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Brussels, 29 November 2011

CommDH/Speech(2011)15
English only

The potential of equality bodies in times of economic crisis

Speech by Thomas Hammarberg, Commissioner for Human Rights of the Council of Europe, at the Equinet High-Level Meeting with Heads of National Equality Bodies “Realising the potential of equality bodies”

Economic crisis and equality bodies

Radical austerity measures have been introduced in several European countries. Although governments have stated they will try to minimise the negative social impacts, it is already clear that many vulnerable groups are badly hit by the economic downturn and uncertainty.

The potential negative consequences are multiple. Gender equality can be affected. Older persons may have diminished available resources and options for care. Reasonable adjustments and accessibility for people with disabilities are at risk. Migrants meet a xenophobic response. Roma and many other ethnic minorities are viewed with hostility. More people live under poverty.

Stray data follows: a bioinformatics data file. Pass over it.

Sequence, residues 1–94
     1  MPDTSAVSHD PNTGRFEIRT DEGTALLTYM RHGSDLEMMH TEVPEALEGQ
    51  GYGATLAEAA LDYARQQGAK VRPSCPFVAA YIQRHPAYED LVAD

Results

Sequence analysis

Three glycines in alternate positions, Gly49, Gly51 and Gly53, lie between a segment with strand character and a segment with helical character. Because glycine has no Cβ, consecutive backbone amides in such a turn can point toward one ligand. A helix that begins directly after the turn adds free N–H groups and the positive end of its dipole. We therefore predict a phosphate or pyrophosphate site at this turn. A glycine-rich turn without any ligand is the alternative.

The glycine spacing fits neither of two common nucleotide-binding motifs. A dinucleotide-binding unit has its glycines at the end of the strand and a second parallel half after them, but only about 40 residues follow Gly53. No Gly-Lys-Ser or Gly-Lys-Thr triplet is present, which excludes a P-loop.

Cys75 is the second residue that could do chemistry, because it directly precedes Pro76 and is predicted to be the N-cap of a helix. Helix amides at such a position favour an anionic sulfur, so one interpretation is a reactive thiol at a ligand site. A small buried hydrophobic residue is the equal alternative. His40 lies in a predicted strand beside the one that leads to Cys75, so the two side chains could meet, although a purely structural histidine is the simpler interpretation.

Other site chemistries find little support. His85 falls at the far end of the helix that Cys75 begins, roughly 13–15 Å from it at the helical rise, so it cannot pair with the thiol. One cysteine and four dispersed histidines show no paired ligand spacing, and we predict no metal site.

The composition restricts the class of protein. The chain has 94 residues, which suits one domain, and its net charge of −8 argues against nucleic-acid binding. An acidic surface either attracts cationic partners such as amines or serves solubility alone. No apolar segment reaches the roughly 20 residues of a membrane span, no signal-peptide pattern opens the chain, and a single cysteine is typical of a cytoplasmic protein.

At stake are essential values of basic justice and social cohesion. Those already disadvantaged have no belts to tighten and must not be asked to make sacrifices for a crisis which was not of their doing. Austerity measures which exacerbate inequalities will only postpone problems and in some fields make it even more costly to resolve them at a later stage.

The role of equality bodies in combating discrimination and promoting equality is particularly important in times of economic crisis. Yet at the same time, equality bodies and other national human rights structures also feel the chill of diminished public spending. I have noticed during my country visits that often their budgets have been cut and previously separate structures are being merged together.